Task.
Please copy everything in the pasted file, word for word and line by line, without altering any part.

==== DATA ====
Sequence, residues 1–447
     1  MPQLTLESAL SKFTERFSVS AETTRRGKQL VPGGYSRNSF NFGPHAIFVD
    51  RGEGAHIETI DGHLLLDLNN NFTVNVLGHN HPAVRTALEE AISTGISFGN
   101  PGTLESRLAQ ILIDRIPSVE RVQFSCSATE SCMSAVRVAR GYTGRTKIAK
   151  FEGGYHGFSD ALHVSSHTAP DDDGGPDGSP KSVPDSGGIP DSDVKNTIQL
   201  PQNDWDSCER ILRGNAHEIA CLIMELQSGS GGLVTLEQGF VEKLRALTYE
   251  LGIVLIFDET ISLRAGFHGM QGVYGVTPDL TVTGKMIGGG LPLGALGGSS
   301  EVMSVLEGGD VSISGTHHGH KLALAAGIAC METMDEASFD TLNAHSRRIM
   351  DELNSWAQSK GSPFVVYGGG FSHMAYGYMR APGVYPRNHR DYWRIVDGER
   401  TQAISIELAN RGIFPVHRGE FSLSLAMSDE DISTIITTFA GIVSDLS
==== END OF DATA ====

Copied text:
Sequence, residues 1–447
     1  MPQLTLESAL SKFTERFSVS AETTRRGKQL VPGGYSRNSF NFGPHAIFVD
    51  RGEGAHIETI DGHLLLDLNN NFTVNVLGHN HPAVRTALEE AISTGISFGN
   101  PGTLESRLAQ ILIDRIPSVE RVQFSCSATE SCMSAVRVAR GYTGRTKIAK
   151  FEGGYHGFSD ALHVSSHTAP DDDGGPDGSP KSVPDSGGIP DSDVKNTIQL
   201  PQNDWDSCER ILRGNAHEIA CLIMELQSGS GGLVTLEQGF VEKLRALTYE
   251  LGIVLIFDET ISLRAGFHGM QGVYGVTPDL TVTGKMIGGG LPLGALGGSS
   301  EVMSVLEGGD VSISGTHHGH KLALAAGIAC METMDEASFD TLNAHSRRIM
   351  DELNSWAQSK GSPFVVYGGG FSHMAYGYMR APGVYPRNHR DYWRIVDGER
   401  TQAISIELAN RGIFPVHRGE FSLSLAMSDE DISTIITTFA GIVSDLS